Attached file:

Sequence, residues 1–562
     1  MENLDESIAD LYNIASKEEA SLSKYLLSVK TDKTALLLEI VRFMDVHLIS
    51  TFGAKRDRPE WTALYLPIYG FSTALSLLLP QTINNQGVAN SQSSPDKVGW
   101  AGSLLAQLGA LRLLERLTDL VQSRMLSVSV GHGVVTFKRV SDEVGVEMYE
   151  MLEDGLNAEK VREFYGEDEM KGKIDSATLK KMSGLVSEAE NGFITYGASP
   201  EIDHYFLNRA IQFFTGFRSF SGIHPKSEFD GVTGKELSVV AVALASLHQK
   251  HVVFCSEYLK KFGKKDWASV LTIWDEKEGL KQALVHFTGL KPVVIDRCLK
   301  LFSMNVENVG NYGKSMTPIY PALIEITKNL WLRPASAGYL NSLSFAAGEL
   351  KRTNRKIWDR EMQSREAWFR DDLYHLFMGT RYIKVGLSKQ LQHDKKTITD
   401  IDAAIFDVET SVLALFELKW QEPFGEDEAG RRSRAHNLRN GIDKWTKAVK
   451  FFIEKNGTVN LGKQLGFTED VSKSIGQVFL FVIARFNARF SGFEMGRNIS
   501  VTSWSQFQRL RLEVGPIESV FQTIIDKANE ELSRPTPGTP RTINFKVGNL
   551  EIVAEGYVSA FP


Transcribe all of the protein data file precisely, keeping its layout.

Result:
Sequence, residues 1–562
     1  MENLDESIAD LYNIASKEEA SLSKYLLSVK TDKTALLLEI VRFMDVHLIS
    51  TFGAKRDRPE WTALYLPIYG FSTALSLLLP QTINNQGVAN SQSSPDKVGW
   101  AGSLLAQLGA LRLLERLTDL VQSRMLSVSV GHGVVTFKRV SDEVGVEMYE
   151  MLEDGLNAEK VREFYGEDEM KGKIDSATLK KMSGLVSEAE NGFITYGASP
   201  EIDHYFLNRA IQFFTGFRSF SGIHPKSEFD GVTGKELSVV AVALASLHQK
   251  HVVFCSEYLK KFGKKDWASV LTIWDEKEGL KQALVHFTGL KPVVIDRCLK
   301  LFSMNVENVG NYGKSMTPIY PALIEITKNL WLRPASAGYL NSLSFAAGEL
   351  KRTNRKIWDR EMQSREAWFR DDLYHLFMGT RYIKVGLSKQ LQHDKKTITD
   401  IDAAIFDVET SVLALFELKW QEPFGEDEAG RRSRAHNLRN GIDKWTKAVK
   451  FFIEKNGTVN LGKQLGFTED VSKSIGQVFL FVIARFNARF SGFEMGRNIS
   501  VTSWSQFQRL RLEVGPIESV FQTIIDKANE ELSRPTPGTP RTINFKVGNL
   551  EIVAEGYVSA FP